distant guns. "Tono"—what's that? and deep, rich, unhurrying;—"Bun—gay!"
Then came my uncle's amazing telegram, his answer to my hostile note: "Come to me at once you are wanted three hundred a year certain tono-bungay."
"By Jove!" I cried, "of course!
"It's something——. A patent-medicine! I wonder what he wants with me?"
In his Napoleonic way my uncle had omitted to give an address. His telegram had been handed in at Farringdon Road, and after complex meditations I replied to Ponderevo, Farringdon Road, trusting to the rarity of our surname to reach him.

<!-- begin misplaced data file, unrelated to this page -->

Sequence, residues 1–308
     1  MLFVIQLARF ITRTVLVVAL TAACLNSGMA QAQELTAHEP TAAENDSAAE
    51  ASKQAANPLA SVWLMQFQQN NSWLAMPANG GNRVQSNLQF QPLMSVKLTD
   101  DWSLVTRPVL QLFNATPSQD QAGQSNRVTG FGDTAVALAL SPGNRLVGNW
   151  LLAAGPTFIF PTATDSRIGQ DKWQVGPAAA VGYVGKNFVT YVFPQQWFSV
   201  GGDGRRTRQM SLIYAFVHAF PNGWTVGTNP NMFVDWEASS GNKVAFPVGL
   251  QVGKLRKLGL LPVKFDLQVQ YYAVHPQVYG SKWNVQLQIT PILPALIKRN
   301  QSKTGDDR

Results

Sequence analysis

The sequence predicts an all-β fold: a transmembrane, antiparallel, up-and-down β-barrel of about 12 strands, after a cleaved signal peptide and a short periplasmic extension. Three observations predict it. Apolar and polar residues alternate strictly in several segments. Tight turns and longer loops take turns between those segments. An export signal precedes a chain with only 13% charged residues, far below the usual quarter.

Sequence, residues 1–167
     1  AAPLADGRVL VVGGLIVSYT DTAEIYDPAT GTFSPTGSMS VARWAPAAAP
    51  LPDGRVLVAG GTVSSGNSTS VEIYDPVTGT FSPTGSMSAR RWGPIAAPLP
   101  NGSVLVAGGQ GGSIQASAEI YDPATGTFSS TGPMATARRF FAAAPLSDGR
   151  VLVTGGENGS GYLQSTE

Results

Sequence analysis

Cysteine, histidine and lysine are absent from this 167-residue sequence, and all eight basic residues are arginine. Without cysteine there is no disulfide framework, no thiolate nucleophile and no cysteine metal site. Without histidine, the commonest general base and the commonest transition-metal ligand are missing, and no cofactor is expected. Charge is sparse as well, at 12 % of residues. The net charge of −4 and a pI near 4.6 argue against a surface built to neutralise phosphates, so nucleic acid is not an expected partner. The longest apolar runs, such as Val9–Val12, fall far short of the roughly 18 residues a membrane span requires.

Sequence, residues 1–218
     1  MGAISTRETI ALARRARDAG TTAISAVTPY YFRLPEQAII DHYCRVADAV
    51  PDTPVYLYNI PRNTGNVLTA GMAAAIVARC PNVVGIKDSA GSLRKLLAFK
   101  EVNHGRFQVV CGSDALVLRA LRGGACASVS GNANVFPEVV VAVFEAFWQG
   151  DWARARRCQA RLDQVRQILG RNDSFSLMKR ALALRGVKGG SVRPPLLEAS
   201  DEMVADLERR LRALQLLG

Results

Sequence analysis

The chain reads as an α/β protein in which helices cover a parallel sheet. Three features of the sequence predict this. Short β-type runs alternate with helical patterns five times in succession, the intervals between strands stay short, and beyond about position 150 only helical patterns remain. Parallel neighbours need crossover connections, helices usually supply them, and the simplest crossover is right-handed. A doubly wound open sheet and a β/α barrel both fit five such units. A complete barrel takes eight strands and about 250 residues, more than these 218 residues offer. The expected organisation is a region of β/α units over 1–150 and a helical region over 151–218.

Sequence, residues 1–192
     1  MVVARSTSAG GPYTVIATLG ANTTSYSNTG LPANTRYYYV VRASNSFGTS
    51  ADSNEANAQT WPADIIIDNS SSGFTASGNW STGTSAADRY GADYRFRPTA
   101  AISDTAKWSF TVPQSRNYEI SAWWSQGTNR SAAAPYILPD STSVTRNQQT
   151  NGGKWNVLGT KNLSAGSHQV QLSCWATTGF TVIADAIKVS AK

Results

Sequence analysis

"Where are you?" I asked.
His reply came promptly:
"192a, Raggett Street, E.C."
The next day I took an unsanctioned holiday after the morning's lecture. I discovered my uncle in a wonderfully new silk hat—oh, a splendid hat! with a rolling brim that went beyond the common fashion. It was decidedly too big for him—that was its only fault. It was stuck on the back of his head, and he was in a white waistcoat and shirt sleeves. He welcomed me with a forgetfulness of my bitter satire and my hostile abstinence that was almost divine. His glasses fell off at the sight of me. His round inexpressive eyes shone brightly. He held out his plump short hand.
"Here we are, George! What did I tell you? Needn't whisper it now, my boy. Shout it—loud! Spread it about! Tell every one! Tono—Tono,—TONO-BUNGAY!"
Raggett Street, you must understand, was a thoroughfare over which someone had distributed large quantities of cabbage stumps and leaves. It